I start my new job tomorrow! I'd better have a medicinal glass of wine before bed to make sure I feel okay tomorrow.


Summer is officially over

I just had to dash out to rescue the clothes on the line from our first rain. Yay for the free water for the garden! Boo for running the dryer and the heater and the lights all day. I know, Kath, I'm a spoiled Californian who gets way more than my fair share of sunshine. Really, I love the rain and the weather changes. Now I'm off to hunt up my boots and umbrella. And, more importantly, those belonging to Small Person.


this is for Tara

Tonight we had puffy pancakes for dinner. My sister and I used to make them all the time for breakfast when I was younger. It's a simple egg, milk, and flour recipe; a quick, hot breakfast even for a lazy teenager. I haven't made them in a long time, though, because they are not very practical for the weekend family breakfast. They take a whole cast iron pan on stove top and in oven, and for some reason I can never get the assembly line logistics right. Waffles are usually my go-to Sunday morning meal.

Tonight, however, I felt confident. One, two, three, melted butter on the stove and rotated into the oven. There was a little bit of eating in shifts, but yumminess made up for timing. Sadly, the puffy part always deflates when they are removed from the oven. Happily, it leaves some nice gullies for syrup to flow into. Add some bacon, and you've got a fabulous breakfast, er... dinner.

great news!

I finally figured out what my long-torso-wide-hips-short-legs physique is perfect for. All those standing balance yoga poses!

I've been enjoying a twice-weekly class for a month now, and this is the first feel-good thing I've noticed about it. I mean, we all know starting a new exercise regimen can be frustrating, even painful. Especially so in my case, when I'm asked to do push-ups. I always feel excellent after class, though, thanks to the final relaxation and breathing exercises. It's a class of mainly beginners, which definitely makes me fell better about my lack of flexibility and strength; many are in the same boat as I am regarding the push-ups.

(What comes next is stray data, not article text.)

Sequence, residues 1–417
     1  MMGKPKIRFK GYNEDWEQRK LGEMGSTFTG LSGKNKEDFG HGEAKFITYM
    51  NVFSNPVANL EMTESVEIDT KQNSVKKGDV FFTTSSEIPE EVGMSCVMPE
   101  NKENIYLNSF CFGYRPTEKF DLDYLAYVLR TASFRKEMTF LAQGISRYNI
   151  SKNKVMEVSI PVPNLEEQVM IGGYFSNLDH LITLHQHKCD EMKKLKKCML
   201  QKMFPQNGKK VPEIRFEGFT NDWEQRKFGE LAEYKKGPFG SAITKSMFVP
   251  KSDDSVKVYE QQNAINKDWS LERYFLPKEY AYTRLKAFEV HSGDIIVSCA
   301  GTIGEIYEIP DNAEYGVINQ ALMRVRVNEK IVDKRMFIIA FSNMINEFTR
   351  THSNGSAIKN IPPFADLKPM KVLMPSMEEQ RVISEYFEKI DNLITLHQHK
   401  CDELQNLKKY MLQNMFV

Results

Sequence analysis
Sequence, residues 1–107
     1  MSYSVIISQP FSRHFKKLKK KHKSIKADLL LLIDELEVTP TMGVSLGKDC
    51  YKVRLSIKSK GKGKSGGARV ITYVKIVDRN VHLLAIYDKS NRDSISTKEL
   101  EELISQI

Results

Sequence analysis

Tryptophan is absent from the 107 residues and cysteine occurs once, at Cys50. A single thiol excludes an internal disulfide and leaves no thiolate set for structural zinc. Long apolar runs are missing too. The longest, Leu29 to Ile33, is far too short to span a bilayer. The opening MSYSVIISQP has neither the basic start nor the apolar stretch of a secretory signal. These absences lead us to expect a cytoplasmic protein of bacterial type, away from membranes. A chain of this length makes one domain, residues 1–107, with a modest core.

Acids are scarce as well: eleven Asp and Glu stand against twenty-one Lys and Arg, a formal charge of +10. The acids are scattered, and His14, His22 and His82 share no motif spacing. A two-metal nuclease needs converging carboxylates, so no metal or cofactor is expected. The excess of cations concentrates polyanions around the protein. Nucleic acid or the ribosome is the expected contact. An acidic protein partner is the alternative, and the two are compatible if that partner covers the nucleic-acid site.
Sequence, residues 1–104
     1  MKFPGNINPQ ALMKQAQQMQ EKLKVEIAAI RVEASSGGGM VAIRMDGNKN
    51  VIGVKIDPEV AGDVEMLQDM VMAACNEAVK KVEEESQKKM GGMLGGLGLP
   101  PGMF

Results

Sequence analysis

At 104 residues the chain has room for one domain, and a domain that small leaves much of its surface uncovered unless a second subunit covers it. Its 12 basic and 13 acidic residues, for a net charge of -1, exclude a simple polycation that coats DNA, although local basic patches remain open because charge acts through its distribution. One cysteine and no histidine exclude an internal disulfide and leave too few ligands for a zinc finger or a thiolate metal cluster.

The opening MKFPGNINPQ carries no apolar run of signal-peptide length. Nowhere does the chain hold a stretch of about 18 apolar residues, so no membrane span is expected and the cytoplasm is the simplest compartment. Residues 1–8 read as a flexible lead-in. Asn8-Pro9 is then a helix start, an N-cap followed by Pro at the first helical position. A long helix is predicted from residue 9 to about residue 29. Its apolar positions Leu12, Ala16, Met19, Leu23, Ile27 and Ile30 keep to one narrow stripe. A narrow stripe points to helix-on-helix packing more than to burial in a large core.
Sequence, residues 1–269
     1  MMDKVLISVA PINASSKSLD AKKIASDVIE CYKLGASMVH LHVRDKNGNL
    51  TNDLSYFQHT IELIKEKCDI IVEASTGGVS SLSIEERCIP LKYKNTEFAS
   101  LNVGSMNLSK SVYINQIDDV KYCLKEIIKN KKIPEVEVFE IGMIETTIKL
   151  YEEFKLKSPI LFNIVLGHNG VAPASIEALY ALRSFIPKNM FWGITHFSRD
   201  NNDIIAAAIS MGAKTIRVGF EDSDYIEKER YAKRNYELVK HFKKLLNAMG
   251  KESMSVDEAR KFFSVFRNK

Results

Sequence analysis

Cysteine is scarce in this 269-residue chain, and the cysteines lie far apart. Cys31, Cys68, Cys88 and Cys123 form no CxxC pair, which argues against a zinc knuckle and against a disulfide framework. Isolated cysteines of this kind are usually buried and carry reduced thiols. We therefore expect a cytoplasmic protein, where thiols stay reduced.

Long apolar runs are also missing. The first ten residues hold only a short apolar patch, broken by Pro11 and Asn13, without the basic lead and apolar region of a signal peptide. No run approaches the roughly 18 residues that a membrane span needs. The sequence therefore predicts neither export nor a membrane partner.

But... but! I love the balance poses! Maybe that low center of gravity (see above re: short legs) really does help, or maybe it's the wide, Hobbit-like feet. Or, maybe my powers of concentration really are that good. Ha! Whatever it is, I do get a nice feeling of accomplishment when I can ever   so   slooowly   ease out of those weird stretch-squat-turn-on-one-foot standing poses instead of wobbling and hopping about. Then, of course we move on to something involving upper body strength and I'm gasping again. Curse you, plank pose!


working mother

I got a job! I had the interview yesterday, my glowing references were checked (thanks, guys!) and the position confirmed pretty quickly. Now everyone can breathe a sigh of relief.

I lucked out and nabbed exactly what I was looking for; part-time, fits my exact schedule, small company, small office, reasonable pay, my skill set plus new things to learn, and enough variety to not bore me to tears every day. My boss seems pleasant and interesting and I'm feeling very enthusiastic.

The only drawback is that I'll have to give up my volunteer time in Small Person's classroom. I might be able to rearrange after this semester, but for now we'll just continue with our extracurricular home projects. It's the same old dilemma: work vs. momming. I don't like conflict, though, so I'll make an end run around this one and try some different strategies. With part-time school and part-time work, I really can't complain that much.

Since I start on Monday, does this give me an excuse to do some weekend shopping?


hair today

I've been doing this no-shampoo-shampoo experiment that seems to be pretty popular around the internets lately. Google it, you'll find lots of different ideas and recipes. The one I chose to try is a baking soda scrub followed by an apple cider vinegar rinse. Rinsed in between, of course, unless you'd like first grade science experiment volcano in your shower every day. Both are are diluted to a ratio of about one tablespoon to one cup of water. After three weeks of using it, I am impressed.

My hair is naturally oily, one might even say greasy, and I don't like to wash it every day. I find that if I rinse it in the shower without washing, it tends to look even more like an oilslick, so it's either no shower, or wash all the time. I don't like to shampoo all the time because I feel the shampoo overdries my hair and makes the oil return with a vengeance. I have pretty long hair, and I don't really style it (no blow-drying, no product) unless I have an event to attend, or just need to get the stuff offthebackofmyneckinthisheatrightnow, dammit! Anyway, thus far the experiment has been a success. My hair is more regulated, less extreme, more manageable, and definitely shinier, thanks to that vinegar. I'm still fiddling around with how many washings per week and tweaking the measurements a little bit, but I'm very pleased with the results so far.

Of course, probably the best highlight to this kookiness is the cheap factor; no more pricey shampoo. You remember the dad from "My Big Fat Greek Wedding" with the Windex? I sing the praises of baking soda and vinegar. They can do anything!


sick in the head